In celebration of its 25th anniversary this year, Melbourne-based science-beauty brand Aesop invited photographer Rene Vaile to document the laboratories where its team of specialists analyse each extract, vitamin and nutrient that goes into the holistic range. Founded by Dennis Paphitis in 1987 as an alternative to the chemical-filled cosmetic goods of the time, the brand focuses solely on using ingredients that benefit the body, including green tea, geranium leaf and mandarin. "A good product needs to begin from a sincere and authentic perspective," explains Paphitis of the company’s ethos. "It must be designed with integrity and a sense of timelessness." Taking sustainable living as a basic mantra, Aesop is also known for its sensitively placed and design-strong outlets across the world, such as the Grand Central Terminal booth opened last year and built out of 1,000 copies of The New York Times. Here Senior Chemist Rebecca Watkinson talks to us about the processes involved in developing Aesop’s celebrated products and the best way to take care of your skin.

How do you come across new ingredients to experiment with?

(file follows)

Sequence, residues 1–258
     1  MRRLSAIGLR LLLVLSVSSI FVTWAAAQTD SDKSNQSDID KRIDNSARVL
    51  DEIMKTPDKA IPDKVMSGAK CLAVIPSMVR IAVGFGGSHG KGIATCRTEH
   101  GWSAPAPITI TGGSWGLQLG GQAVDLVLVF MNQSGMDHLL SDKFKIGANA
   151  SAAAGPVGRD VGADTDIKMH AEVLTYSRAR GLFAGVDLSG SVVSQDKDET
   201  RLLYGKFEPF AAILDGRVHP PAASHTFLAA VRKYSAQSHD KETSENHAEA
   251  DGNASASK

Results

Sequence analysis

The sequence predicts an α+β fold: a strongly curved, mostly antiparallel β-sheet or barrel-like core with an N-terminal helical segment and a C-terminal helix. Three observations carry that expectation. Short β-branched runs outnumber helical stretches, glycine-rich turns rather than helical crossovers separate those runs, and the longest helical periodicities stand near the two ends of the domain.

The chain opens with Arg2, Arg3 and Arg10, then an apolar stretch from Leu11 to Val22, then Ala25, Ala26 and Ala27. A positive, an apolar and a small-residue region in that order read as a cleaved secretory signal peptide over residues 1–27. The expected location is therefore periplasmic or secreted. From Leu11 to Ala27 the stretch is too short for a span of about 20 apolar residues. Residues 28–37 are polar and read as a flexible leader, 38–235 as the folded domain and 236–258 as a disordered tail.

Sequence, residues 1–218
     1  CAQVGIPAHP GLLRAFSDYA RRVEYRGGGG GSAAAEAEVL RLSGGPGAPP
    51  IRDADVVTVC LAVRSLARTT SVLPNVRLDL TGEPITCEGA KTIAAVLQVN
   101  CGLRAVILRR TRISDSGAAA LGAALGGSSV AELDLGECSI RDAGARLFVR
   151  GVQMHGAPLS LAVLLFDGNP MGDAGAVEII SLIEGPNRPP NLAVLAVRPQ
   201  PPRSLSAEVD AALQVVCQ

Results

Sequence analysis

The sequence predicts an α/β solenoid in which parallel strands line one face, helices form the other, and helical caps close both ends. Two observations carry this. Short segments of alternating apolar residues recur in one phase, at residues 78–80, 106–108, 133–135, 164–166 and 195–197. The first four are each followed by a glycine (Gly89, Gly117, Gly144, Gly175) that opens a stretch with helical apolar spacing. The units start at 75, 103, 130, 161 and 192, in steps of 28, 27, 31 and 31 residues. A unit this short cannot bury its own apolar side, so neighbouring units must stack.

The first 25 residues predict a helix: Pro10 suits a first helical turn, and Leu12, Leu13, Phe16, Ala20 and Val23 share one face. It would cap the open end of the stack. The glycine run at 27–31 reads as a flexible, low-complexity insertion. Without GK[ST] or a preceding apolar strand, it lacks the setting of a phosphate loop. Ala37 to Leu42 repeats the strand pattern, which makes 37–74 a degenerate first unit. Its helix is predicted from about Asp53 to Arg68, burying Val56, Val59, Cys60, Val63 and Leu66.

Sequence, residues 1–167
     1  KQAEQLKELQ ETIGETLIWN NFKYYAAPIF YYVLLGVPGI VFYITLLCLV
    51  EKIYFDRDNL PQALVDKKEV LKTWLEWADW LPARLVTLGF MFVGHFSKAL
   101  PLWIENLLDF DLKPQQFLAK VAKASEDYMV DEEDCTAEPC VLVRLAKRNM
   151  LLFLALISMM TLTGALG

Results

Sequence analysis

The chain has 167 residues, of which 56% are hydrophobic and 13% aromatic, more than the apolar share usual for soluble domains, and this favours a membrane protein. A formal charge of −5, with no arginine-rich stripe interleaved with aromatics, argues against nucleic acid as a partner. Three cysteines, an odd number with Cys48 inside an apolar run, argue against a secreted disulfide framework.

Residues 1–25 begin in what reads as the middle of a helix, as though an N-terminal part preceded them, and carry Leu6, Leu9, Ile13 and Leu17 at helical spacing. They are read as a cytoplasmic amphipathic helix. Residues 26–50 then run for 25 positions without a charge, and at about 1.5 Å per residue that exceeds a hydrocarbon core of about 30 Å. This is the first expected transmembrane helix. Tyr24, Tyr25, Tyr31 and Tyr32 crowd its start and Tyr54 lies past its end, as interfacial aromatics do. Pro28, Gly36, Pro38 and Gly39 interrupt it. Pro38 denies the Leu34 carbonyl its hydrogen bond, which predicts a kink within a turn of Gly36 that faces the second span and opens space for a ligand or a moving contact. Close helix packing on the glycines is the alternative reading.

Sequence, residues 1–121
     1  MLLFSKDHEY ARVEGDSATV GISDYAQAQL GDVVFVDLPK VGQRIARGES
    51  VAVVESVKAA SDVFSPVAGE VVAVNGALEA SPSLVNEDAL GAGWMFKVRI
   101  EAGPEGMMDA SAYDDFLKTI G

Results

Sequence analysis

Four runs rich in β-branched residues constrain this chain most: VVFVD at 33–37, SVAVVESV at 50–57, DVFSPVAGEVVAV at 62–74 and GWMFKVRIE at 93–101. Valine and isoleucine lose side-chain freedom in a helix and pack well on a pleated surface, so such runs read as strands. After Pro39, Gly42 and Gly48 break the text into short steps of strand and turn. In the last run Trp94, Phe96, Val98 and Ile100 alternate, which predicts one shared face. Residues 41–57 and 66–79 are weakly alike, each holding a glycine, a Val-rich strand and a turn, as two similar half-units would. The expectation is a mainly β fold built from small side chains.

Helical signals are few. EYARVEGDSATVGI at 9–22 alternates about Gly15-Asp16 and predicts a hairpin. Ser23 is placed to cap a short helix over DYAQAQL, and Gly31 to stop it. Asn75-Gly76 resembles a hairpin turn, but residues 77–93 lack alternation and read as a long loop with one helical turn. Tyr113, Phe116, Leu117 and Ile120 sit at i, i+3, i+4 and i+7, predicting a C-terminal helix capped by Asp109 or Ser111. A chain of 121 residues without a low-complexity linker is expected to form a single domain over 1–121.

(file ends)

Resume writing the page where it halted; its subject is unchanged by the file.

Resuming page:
We are continually researching and exploring new ingredients, and often look to other industries for inspiration, particularly the food industry. The most recent example of this would be blackcurrant seed oil, which we use in our Parsley Seed Anti-Oxidant Facial Treatment. Blackcurrants have long been known as a “super-food” for their anti-oxidant properties and essential fatty acid content. We saw that this could be an interesting topical ingredient.

How long does it take to perfect a new product?
It typically takes 18 months to two years to fully realize a product, with much collaborative effort and many iterations between concept, development, testing, manufacture and launch. Sage and Zinc Facial Hydrating Cream was ten years in the making, and not without its challenges, but was certainly worth the wait. 

Everyone’s skin is different. How do you define and test health and beauty?
We endeavour to make our products as applicable and relevant to as many skin types as possible. Our philosophy of skin care is based on scientific evidence that what most skin types require is to be cleansed, moisturized and protected. We counsel our clients to take care of their skin by using the highest quality skin care products and sun cream, drinking pure water, eating fresh food and getting as much sleep as possible.